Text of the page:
Australia faces a national emergency if federal and state funding of the country’s red fire ant eradication program is not fully funded in 2017.
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What’s at risk?
These highly invasive ants first turned up in Australia at the northern port of Brisbane in 2001. We know of four other incursions. One large outbreak in southeast Queensland remains active, but contained.
We just have to look at the US to see what would happen to Australia if we fail to eradicate fire ants.
Fire ants were accidentally introduced into Alabama in the 1930s. It was not until 1957 that eradication was attempted but it was too late. They have now spread to Texas, Arkansas, California, Florida, Georgia, Louisiana, Mississippi, New Mexico, North Carolina, Oklahoma, Puerto Rico, South Carolina, Tennessee, Texas, and Virginia.
- They cost US industry and agriculture $7 billion a year.
- They have caused the death of 85 people, all dying from anaphylactic shock.
- Elderly people in US nursing homes have died after mass stings.
Could this happen in Australia?
Yes. Nearly all of Australia is vulnerable to fire ant invasion, including all major cities and towns. More than 99% of the mainland and 80% of Tasmania are suitable to these deadly intruders.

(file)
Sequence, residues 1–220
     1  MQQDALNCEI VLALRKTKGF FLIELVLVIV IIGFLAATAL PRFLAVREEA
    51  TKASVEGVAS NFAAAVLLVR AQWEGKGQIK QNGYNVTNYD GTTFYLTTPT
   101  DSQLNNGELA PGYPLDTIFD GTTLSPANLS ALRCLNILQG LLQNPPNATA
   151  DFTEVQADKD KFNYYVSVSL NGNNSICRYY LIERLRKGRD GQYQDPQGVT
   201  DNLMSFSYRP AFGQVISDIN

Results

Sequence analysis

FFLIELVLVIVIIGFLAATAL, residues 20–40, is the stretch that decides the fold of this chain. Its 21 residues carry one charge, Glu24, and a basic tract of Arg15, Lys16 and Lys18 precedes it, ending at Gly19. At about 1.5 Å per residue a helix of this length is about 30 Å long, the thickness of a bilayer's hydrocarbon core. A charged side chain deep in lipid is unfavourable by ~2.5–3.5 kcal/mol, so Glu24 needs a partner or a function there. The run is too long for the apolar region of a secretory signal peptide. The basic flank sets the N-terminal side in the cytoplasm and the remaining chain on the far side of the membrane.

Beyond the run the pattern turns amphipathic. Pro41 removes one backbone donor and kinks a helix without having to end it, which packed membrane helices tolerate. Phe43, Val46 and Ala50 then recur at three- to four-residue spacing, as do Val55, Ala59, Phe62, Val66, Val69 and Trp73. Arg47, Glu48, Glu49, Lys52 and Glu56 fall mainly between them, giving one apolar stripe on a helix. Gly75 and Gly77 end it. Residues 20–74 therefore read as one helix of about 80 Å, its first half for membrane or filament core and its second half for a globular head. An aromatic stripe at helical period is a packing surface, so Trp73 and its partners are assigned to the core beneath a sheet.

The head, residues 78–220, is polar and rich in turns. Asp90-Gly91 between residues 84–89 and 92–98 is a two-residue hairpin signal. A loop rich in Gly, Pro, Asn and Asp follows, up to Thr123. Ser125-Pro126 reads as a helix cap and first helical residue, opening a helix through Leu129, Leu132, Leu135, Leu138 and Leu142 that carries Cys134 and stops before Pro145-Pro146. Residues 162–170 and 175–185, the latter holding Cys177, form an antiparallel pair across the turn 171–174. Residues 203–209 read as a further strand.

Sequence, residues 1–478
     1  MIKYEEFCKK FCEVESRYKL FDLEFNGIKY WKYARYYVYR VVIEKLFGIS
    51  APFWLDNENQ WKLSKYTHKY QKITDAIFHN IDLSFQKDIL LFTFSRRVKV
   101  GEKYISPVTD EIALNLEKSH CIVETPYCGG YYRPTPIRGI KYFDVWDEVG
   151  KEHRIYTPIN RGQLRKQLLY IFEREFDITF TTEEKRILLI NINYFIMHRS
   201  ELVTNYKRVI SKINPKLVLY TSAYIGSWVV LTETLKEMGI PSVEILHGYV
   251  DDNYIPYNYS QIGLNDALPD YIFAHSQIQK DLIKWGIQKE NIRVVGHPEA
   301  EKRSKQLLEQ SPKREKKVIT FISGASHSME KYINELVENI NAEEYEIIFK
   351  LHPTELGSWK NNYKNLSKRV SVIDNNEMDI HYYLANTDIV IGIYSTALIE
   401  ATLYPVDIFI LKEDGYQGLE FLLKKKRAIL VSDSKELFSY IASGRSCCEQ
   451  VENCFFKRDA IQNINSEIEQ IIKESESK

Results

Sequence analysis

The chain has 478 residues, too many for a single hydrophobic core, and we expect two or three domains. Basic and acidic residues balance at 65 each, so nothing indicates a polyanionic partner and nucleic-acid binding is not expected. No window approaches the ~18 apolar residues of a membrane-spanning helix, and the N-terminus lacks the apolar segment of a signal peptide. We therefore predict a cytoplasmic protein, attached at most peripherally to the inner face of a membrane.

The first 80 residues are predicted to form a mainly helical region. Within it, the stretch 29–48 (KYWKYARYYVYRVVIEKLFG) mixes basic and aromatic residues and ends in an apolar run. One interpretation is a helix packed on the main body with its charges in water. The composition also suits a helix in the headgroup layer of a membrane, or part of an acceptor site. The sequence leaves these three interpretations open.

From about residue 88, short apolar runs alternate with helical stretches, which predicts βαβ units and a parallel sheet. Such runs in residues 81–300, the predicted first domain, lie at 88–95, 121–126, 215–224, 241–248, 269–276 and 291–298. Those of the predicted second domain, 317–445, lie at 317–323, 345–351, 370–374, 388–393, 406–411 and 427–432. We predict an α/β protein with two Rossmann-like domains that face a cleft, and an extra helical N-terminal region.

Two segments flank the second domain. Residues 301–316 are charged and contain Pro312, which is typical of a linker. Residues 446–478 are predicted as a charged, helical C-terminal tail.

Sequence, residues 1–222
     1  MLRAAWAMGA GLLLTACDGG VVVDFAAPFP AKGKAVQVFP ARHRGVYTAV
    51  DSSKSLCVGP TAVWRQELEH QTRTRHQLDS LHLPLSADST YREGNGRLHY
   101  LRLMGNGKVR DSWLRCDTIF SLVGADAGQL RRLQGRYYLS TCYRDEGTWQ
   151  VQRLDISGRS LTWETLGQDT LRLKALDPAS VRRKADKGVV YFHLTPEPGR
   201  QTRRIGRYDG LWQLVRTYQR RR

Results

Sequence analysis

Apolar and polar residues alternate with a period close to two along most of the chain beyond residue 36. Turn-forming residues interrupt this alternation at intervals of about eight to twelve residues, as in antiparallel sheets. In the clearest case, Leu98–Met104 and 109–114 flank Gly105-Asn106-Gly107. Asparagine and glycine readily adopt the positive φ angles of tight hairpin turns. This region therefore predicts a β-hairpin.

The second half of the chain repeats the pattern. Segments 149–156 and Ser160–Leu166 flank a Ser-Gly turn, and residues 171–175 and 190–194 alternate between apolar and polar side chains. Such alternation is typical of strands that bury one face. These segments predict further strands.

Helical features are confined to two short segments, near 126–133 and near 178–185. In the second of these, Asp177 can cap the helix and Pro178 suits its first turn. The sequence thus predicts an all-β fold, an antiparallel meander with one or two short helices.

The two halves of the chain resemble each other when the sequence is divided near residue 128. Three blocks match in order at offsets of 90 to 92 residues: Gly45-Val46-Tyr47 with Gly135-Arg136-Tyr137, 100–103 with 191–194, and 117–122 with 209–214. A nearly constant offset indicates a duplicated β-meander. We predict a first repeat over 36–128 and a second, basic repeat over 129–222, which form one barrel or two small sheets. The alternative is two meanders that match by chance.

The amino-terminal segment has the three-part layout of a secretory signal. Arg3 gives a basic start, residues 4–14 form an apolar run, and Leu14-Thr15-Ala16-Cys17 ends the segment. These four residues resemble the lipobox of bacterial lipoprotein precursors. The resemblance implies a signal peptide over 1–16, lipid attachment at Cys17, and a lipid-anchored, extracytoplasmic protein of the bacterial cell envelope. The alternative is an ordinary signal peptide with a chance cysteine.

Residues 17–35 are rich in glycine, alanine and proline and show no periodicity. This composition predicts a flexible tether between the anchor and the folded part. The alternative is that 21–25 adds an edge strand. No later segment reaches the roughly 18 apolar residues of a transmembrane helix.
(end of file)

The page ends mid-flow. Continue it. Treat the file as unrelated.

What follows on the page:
Fire ants might be small, but when their nests are disturbed they rise up in their thousands to swarm and sting their intruder en masse.
Without the regular use of chemical baits, infested parks, gardens and homes become uninhabitable. In the US, 30% to 60% of people in infested areas are stung each year. The stings are painful, hence their name ‘fire’ ants. The alkaloid venom causes pustules and, in some people, allergic reactions.
Fire ants have greater ecological impacts than most ants because they reach extremely high densities. An assessment of their likely impact on 123 animals in southeast Queensland predicted population declines in about 45% of birds, 38% of mammals, 69% of reptiles and 95% of frogs.
These ants damage crops, rob beehives and kill newborn livestock. During dry times they dominate the margins of dams and livestock cannot reach water without being seriously stung.
Australia has too much to lose if we don’t eradicate red fire ants.
Experts say it would cost $40-$50 million a year spent over the next decade to eradicate fire ants from South East Queensland. The alternative is unthinkable. If fire ants get out of control Queensland alone faces a 30-year damage bill of $45 billion, dwarfing the cost of eradication.
In 2016, federal, state and territory governments will be making decisions behind closed doors about whether to properly fund the fire ant eradication program, with a final decision to be made in mid 2017. If the eradication program remains poorly funded, as it has been for the past 15 years, millions of Australians will have to suffer the pain of living with fire ants.
Our nation will be transformed forever.
We need to build public awareness of this huge threat and plan to bring out a fire ant expert from the US early next year to warn Australians of the nightmare that would take over our country if fire ants are not eradicated.
There are three things you can do to make this a reality: